Wednesday, November 17, 2010

On non-confidence votes

As usual, any discussion of Michael Ignatieff's future needs to be prefaced with caveats about there being no mechanism for the Libs to change leadership until past the next election, about there being little prospect of another leader winning much more internal support, about how the inevitable Con ad blitz would affect anybody, et cetera.

But all that aside, it's rather stunning that after a summer spent trying to cultivate a partisan base, Ignatieff's leadership is this unpopular among his own party:
Half of respondents to The Canadian Press Harris-Decima survey say the Conservatives need to replace Prime Minister Stephen Harper.

And 64 per cent say the Liberals need to replace Michael Ignatieff.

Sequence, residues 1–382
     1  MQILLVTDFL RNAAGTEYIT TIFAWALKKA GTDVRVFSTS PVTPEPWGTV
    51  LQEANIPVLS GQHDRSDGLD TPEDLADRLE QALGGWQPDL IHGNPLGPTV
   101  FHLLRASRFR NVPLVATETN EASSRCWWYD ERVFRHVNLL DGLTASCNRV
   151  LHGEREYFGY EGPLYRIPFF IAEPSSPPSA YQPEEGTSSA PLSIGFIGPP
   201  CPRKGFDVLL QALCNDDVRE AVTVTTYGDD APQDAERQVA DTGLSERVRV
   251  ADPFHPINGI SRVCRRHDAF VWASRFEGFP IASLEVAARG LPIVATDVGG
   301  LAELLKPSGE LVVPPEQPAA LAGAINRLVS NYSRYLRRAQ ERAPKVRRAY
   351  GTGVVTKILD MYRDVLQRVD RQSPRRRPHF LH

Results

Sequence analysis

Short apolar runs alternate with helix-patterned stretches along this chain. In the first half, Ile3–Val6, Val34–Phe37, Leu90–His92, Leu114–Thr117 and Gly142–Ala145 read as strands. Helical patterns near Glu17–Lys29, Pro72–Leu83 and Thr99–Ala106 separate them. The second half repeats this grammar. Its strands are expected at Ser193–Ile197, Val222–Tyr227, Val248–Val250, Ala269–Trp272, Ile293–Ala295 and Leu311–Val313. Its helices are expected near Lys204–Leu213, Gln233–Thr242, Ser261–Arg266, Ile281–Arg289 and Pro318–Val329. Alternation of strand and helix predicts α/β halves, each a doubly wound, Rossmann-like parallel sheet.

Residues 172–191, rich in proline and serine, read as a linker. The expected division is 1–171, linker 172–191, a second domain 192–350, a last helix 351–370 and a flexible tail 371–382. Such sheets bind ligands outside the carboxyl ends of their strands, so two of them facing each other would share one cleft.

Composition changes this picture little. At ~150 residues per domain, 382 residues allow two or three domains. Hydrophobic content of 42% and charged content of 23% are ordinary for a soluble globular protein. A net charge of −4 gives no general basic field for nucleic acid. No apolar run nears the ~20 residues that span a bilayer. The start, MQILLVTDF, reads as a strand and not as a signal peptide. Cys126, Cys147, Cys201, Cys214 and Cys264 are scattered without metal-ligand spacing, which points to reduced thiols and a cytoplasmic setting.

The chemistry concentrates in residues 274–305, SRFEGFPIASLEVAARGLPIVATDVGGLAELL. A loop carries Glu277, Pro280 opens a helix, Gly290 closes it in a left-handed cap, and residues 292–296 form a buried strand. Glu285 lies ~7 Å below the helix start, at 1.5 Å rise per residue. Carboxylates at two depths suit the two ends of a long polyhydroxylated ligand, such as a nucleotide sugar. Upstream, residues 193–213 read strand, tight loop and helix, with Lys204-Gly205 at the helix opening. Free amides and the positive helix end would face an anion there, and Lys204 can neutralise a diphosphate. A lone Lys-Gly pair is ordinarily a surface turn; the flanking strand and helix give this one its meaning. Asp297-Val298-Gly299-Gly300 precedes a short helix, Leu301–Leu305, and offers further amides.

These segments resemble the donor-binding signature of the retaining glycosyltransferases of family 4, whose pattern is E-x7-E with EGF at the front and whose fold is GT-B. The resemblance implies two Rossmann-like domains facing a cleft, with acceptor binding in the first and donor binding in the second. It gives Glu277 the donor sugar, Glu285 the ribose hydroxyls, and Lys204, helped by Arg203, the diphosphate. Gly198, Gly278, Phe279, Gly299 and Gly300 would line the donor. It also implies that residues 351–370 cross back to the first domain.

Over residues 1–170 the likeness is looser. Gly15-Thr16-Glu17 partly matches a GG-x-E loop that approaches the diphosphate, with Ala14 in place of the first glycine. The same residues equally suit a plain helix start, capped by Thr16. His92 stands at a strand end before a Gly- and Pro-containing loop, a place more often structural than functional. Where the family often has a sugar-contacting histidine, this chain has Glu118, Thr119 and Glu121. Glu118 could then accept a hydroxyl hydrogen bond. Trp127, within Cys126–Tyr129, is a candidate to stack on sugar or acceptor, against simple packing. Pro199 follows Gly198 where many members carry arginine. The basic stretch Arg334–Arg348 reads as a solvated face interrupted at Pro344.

Harper at least enjoys solid support among those who identify themselves as Conservatives: 74 per cent say they don’t need a new leader.

By contrast, 59 per cent of Liberals want Ignatieff to go.
What's particularly astonishing is the lack of any meaningful difference between Lib partisans and the general public in wanting to see Ignatieff gone: among both the general public and Lib supporters, roughly 6 in 10 respondents apparently want a change of leadership.

At best, one can try to paint that remarkable similarity as partly the result of other parties' supporters wanting to see Ignatieff stay in place (so that the level of actual support for Iggy would still be higher within the Libs themselves). But that explanation hardly offers a vote of confidence for Ignatieff's ability to inspire either his own side to make gains, or supporters of other parties to join him. And one has to wonder whether the Libs will see a need to find a way to get rid of Ignatieff if even a majority of their own supporters don't think he's up for the job.

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